A hobby is an activity, interest, enthusiasm, or pastime that is undertaken for pleasure or relaxation, typically done during one’s own time. – Wikipedia
A job is often defined as a regular activity pastime performed in exchange for payment. – Wikipedia
If you search “hobby” on Wikipedia, you’ll be presented with a lengthy list of the most common ones – everything from magic to beekeeping to vehicle restoration. But if you look at these “hobbies” closely, you may notice that any of those could be a vocation as well.
So at what point do we begin to differentiate between something we do in our free time, something we enjoy, and our day job? Where do we draw the line?
It appears, then, that what separates a job from a hobby isn’t necessarily how regularly it’s performed, but rather it’s the notion of doing it for pleasure, on your own time. As for payment, certain hobbies do produce an income.
The finances behind being a doctor are quickly reaching an unsustainable position. Rising student loan debts can put new graduates behind by more than 200k right off the bat, and it’s a fact that reimbursements are decreasing. Couple that with limited autonomy in medicine and micromanagement from administrators and it seems that, in some ways, doctors have become a slave to the system. Put simply, it’s become a job, and any pleasure one used to derive from the notion of helping people is quickly moved to the back burner.
Because of this and other reasons, more and more physicians’ careers are being cut short. There are physicians burning out and pursuing non-clinical careers both in and outside of medicine. Physicians are searching for happiness in the field, and at this point we have to ask: is that even possible?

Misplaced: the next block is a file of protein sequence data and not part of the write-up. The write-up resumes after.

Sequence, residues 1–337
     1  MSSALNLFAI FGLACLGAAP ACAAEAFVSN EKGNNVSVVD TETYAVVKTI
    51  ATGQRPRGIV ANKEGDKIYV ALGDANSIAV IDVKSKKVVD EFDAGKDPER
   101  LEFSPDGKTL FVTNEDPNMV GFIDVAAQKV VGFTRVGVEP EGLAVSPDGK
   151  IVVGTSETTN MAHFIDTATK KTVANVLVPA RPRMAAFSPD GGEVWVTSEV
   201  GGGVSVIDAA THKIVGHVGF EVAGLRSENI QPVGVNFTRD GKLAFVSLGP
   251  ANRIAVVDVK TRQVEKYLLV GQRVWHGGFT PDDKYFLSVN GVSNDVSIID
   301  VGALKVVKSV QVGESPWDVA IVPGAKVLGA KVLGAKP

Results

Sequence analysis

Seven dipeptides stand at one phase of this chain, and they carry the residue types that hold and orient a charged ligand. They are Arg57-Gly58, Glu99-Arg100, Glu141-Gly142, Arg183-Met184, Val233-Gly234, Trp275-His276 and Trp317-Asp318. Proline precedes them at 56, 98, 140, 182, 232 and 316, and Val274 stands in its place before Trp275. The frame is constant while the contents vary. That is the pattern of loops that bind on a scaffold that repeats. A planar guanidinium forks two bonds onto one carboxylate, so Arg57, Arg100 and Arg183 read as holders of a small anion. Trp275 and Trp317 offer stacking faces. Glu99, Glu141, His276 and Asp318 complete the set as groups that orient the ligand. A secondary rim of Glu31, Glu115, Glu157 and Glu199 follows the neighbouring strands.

Well, at the risk of sounding like a pessimist, I believe that without significant change, this situation won’t be improving anytime soon. No matter how much you enjoy something, if you’re forced to do it, it’ll become a chore. I love golfing, for example, but if I needed to do it to put food on the table, it wouldn’t be the same.
One day it occurred to me that the solution to this burnout epidemic may be to simply turn medicine into a hobby rather than a job; something we enjoy rather than something that virtually enslaves us. But how?
The way to achieve this is by not having to rely on it financially. Financial independence from medicine is possible for doctors – just look at doctors like the White Coat Investor or Physician on Fire. Each says they practice medicine because they enjoy it and they’re not ready to give it up yet. Based on my own income report, I’m getting close to that point as well.
But how does that happen? Well, it all begins with smart financial decisions made early in your career, like saving aggressively and investing wisely. I’ve seen doctors make clever investments in the stock market or real estate (or both) and achieve this “medicine as hobby” status.
This means you have to educate yourselves to make those wise financial decisions and that needs to start early – as early as residency or even medical school. It means having the dedication and commitment to making it happen when so many of your colleagues decide to buy that fancy car right out of training. It means taking some calculated risks and being willing to devote some time and energy to seeking out the right ventures. It means seeking out the wisdom of other physicians who have already achieved the goals you’re working toward.
As unlikely as it may seem, medicine as a hobby is an achievable goal. I enjoy practicing medicine and that’s why I never want it to be just a job. My goal with all these passive income ventures is not so I can quit my day job completely, it’s so I can enjoy it fully, and on my own terms, by making it a hobby.
How about you? How different would you feel about your career if it was a hobby instead?